Thus, a global removal of content that is only unlawful in some countries but not others would arguably infringe the rights of people in those latter countries to access that content. Further, global blocking in such a situation may be seen as a violation of the creator’s right to communicate that content in the countries where doing so is lawful.

It is important that we do not overlook these rights just because there may be a duty not to communicate that content in some countries.

One often sees the adherence to the harshest rules as a proposed solution to the difficulty of variances in legal standards where more than one standard applies to specific conduct. Such suggestions rely on notions such as that expressed by Justice Souter, that: “[n]o conflict exists, […] ‘where a person subject to regulation by two states can comply with the laws of both.” (W. S. Dodge, Extraterritoriality and Conflict-of-Laws Theory: An Argument for Judicial Unilateralism 39 Harv. Int’l. L. J. 101 (1998), at 136.)

I object to this duties-focused approach. Essentially what Justice Souter and others are saying is that we should only focus on the duties imposed by law. If the duties do not conflict, the laws do not conflict. This is a too simplistic perspective. It completely neglects the importance of the rights that laws provide. Importantly, the correlative relationship between rights and duties we may be accustomed to from a domestic law setting does not necessarily survive when transplanted into a cross-border environment; that is, rights provided under one country’s legal system may not necessarily create corresponding duties under other legal systems.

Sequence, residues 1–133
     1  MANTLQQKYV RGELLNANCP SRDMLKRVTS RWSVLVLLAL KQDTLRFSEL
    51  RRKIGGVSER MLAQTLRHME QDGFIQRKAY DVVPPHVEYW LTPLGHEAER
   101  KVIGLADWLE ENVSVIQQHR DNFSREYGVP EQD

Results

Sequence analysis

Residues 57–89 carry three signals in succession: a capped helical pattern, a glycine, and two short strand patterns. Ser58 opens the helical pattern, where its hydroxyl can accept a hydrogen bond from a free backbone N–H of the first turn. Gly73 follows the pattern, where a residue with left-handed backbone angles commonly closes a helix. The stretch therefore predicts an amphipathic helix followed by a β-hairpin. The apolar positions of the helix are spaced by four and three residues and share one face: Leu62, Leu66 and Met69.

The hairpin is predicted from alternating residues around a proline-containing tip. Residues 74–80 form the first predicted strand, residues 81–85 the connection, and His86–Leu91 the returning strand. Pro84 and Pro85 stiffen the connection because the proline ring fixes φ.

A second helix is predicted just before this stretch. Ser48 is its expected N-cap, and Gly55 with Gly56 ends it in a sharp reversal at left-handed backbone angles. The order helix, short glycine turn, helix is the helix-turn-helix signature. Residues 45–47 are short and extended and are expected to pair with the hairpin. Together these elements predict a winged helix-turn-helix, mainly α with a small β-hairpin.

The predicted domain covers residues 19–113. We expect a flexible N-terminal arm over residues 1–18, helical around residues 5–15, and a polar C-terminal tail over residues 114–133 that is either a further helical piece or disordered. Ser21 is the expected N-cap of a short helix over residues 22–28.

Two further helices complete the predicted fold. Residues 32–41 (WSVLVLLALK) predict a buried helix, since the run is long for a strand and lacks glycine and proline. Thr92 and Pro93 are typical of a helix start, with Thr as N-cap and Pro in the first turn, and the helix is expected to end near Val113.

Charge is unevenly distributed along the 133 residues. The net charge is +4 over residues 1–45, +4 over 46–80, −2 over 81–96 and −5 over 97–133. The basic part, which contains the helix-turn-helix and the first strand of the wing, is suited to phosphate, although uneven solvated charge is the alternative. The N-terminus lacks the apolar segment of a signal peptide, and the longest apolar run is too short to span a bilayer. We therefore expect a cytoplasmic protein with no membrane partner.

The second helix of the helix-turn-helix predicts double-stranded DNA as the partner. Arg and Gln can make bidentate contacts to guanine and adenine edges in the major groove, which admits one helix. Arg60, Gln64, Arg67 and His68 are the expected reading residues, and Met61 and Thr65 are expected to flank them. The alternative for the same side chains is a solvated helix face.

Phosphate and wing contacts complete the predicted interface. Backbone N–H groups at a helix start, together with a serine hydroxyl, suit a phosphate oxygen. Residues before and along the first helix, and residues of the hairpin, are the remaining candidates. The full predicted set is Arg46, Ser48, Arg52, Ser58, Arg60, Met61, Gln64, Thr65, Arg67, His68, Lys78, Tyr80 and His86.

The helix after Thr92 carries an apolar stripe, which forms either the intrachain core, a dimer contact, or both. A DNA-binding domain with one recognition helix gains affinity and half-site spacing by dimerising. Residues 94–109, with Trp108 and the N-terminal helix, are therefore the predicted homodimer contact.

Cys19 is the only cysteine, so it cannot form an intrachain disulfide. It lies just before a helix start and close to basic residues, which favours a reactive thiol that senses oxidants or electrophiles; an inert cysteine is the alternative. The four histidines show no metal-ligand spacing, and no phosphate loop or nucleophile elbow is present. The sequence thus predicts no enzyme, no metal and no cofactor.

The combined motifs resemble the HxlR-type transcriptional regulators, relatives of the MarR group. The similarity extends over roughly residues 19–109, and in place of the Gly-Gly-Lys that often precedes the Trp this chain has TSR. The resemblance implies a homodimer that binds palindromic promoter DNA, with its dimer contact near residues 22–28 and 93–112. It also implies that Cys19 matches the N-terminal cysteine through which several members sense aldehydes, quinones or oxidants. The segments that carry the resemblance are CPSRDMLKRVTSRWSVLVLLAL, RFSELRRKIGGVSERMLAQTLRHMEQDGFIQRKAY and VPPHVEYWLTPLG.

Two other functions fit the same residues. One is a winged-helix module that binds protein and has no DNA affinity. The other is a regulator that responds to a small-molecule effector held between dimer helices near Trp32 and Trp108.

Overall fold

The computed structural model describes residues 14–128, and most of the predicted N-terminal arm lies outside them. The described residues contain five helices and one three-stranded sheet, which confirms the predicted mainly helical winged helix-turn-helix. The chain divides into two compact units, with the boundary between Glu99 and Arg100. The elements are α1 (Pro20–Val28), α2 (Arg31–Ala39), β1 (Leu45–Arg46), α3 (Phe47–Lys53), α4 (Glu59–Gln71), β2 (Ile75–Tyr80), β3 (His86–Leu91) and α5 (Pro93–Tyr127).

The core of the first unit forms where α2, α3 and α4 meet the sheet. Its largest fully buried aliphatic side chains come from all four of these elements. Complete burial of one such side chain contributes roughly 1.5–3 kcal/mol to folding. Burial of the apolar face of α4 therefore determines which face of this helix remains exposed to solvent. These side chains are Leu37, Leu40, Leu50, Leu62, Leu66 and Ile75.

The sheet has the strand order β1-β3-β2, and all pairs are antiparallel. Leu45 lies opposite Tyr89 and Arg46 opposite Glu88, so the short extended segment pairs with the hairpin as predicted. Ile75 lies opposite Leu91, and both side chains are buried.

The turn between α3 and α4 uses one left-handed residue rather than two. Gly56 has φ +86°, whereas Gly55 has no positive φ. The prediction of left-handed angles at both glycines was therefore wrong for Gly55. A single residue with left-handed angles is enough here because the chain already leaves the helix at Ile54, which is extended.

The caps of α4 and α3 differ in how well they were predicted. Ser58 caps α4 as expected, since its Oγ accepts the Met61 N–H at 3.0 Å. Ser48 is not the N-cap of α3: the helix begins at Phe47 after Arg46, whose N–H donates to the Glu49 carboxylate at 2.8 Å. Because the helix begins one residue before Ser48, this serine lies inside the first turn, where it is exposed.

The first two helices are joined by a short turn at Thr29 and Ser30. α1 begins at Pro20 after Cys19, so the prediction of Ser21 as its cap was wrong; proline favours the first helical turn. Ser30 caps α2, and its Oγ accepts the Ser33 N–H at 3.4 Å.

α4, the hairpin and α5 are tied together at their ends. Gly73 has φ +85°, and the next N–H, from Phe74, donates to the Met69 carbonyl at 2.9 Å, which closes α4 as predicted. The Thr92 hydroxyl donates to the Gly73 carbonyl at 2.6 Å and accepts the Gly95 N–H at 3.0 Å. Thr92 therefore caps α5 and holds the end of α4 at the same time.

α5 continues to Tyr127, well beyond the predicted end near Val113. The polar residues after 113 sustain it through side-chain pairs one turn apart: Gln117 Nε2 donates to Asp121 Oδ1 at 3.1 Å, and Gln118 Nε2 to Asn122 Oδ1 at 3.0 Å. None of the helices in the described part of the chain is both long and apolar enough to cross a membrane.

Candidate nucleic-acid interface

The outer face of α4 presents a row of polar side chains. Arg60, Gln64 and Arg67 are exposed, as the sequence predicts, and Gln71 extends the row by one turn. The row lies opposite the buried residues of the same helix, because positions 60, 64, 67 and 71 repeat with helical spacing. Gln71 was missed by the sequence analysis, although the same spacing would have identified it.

I argue that in assessing whether two (or more) laws are in conflict we need to take account of both the duties and the rights those laws provide for. In other words, even where the duties do not clash, the rights of one country may clash with the duties of another country.

The difference can be illustrated by way of an example. Imagine that the laws of state A specifically provide for a right of religious freedom, while the laws of state B specifically impose a duty of adherence to Norse pagan faith. Where a person, for one reason or another, finds herself bound to comply with both the laws of state A and those of state B, there is no conflict in the view of the reasoning put forward by Justice Souter and others – such a person can comply with the law of both states by adhering to Norse pagan faith.